Take back your steam energy
In discussions on how to make today’s steam and hot water systems more efficient, first thoughts often turn to replacing or upgrading boilers or boiler burners, or to reducing the demand for steam or hot water at the point of use. But great opportunities also exist in making major improvements in steam and hot water distribution systems.
Rapid paybacks possible
Often the paybacks from improvements come within weeks or a few months at a cost much lower than replacing or upgrading a boiler or burner. After making these improvements, you may find yourself asking, "Why didn’t I do this sooner?" The first step is evaluating your system and finding those opportunities.
Savings can come from incremental reductions in energy losses by completely insulating hot pipes and devices, improving condensate return systems, assuring correct operation of steam traps, and recovering heat from boiler blowdown water. Individual steps may make only small improvements, but taken together they can make for improvements in steam system efficiency ranging from 10% to 20%. Where do we find these savings?
Insulate to reduce heat losses
Whether it’s an eight-inch main steam line, or a one-inch hot condensate return line, insulation is critical. In an example cited by the U.S. DOE, at a plant where the fuel cost was $8.00/MMBtu, a survey identified 1,120 feet of bare 1-inch steam line, and 175 feet of bare 2-inch line, both operating at 150 psig. An additional 250 ft of bare 4-inch- line operating at 15 psig was found. Taken together, these resulted in a heat loss of 5,069 MMBtu/hour at an annual energy cost of $45,620. These energy losses could be reduced by 90% by the appropriate use of pipe insulation. In a case like this, the payback is very short—a matter of weeks.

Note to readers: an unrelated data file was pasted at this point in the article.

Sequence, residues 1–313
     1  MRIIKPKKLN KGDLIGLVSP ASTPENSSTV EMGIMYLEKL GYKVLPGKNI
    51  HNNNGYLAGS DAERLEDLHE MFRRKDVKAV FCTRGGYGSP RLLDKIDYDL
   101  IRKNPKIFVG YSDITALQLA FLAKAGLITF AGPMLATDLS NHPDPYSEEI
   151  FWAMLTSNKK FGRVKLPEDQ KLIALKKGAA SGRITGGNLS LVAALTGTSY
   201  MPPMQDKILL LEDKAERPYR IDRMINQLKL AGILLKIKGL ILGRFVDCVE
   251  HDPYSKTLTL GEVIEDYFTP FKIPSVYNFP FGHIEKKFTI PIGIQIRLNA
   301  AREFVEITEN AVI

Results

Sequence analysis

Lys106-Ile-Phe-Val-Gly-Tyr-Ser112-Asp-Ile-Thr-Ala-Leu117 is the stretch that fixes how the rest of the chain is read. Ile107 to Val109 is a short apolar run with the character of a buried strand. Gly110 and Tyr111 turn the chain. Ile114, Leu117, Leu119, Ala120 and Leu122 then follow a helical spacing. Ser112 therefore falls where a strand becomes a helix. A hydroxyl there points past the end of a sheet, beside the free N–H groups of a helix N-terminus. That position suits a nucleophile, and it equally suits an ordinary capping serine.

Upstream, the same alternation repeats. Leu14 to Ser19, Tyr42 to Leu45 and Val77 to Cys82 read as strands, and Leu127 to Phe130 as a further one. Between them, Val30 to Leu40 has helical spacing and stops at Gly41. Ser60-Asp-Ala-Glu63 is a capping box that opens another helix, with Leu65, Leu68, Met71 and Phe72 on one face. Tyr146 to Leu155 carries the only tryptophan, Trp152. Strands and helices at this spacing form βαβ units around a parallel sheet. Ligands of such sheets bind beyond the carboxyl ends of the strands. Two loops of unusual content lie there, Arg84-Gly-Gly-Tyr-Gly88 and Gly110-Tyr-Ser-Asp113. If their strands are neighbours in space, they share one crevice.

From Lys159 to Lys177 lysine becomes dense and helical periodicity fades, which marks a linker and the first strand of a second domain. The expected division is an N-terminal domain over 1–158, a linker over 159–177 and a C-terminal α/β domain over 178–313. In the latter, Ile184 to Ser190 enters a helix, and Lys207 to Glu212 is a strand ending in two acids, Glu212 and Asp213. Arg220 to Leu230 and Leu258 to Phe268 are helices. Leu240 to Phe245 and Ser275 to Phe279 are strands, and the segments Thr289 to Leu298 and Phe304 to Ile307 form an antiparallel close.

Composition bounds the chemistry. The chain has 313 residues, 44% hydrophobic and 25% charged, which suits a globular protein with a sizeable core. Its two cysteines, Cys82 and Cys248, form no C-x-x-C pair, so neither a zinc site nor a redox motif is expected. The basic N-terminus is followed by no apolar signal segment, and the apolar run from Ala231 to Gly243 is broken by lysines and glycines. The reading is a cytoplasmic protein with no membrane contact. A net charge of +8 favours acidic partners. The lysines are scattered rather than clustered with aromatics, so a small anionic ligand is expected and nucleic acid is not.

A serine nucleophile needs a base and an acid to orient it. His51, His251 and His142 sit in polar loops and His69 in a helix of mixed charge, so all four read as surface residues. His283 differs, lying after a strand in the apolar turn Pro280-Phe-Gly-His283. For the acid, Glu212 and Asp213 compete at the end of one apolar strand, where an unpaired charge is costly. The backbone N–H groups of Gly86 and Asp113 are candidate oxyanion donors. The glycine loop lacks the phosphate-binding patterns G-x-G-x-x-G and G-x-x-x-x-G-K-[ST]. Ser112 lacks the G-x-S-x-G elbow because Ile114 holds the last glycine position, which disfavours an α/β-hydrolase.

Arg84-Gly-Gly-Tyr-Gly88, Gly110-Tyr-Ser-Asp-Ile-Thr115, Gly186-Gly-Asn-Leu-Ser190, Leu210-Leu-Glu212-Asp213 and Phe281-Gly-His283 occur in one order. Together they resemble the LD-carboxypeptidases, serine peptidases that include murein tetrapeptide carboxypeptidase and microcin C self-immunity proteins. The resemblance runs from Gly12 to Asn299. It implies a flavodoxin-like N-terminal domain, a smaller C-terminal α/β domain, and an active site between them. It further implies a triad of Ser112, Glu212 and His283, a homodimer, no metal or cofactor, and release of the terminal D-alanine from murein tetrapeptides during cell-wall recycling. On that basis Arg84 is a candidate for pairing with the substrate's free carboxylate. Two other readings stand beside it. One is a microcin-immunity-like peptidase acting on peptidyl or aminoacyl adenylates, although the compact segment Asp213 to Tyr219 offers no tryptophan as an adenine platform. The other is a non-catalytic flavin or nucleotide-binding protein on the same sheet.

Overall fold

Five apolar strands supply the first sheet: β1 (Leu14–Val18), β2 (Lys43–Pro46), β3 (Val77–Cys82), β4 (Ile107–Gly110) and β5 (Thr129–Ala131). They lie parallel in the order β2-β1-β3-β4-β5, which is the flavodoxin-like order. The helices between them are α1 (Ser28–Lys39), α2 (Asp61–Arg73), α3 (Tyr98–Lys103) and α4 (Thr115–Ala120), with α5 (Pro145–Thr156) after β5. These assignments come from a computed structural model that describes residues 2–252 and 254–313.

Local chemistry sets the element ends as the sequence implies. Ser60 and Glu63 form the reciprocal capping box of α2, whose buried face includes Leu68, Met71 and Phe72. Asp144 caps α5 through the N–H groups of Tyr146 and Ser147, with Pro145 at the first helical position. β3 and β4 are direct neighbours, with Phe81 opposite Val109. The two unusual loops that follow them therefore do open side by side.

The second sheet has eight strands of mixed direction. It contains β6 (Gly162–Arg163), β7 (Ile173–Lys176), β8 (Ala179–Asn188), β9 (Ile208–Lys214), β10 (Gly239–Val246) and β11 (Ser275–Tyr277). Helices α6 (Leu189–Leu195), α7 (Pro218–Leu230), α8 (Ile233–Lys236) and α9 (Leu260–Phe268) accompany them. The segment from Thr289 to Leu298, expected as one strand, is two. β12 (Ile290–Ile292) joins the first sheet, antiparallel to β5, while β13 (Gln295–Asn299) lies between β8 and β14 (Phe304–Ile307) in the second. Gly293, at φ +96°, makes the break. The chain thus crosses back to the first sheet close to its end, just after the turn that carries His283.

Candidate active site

Missing insulation common
Reasons for inadequate or missing insulation are numerous. Sometimes in the rush to startup a new system, the final step of pipe insulation is never completed. Sometimes devices such as steam traps and valves are initially wrapped with insulation but during periodic inspection or maintenance, the insulation is removed and not replaced.
Often older insulation is damaged or saturated with water and loses its effectiveness. Sometimes asbestos insulation was removed as part of a plant-wide abatement program, but was never adequately replaced. With today’s higher energy costs and an increased emphasis on system efficiency, it’s time to correct these problems.
Designs for easy removal and replacement
One very useful solution is advanced insulation systems that are highly effective yet allow easy removal and replacement for periodic inspection or service. One provider of these systems is Shannon Enterprises, manufacturers of Insultech blanket thermal and acoustic insulation systems. Shannon manufactures a wide range of custom insulation products, including insulation packages for steam and hot water pipes and devices of all type. Commonly insulation for each steam device is custom-fitted to allow for piping, sensors, valve stems, etc. This fitted insulation is designed for quick removal and replacement to allow for inspection or service, and fits around data links such as steam trap monitoring systems. Three additional benefits of quality insulation are more comfortable working conditions, less pipe noise, and reduced risk of personnel burns.
Complete condensate return a target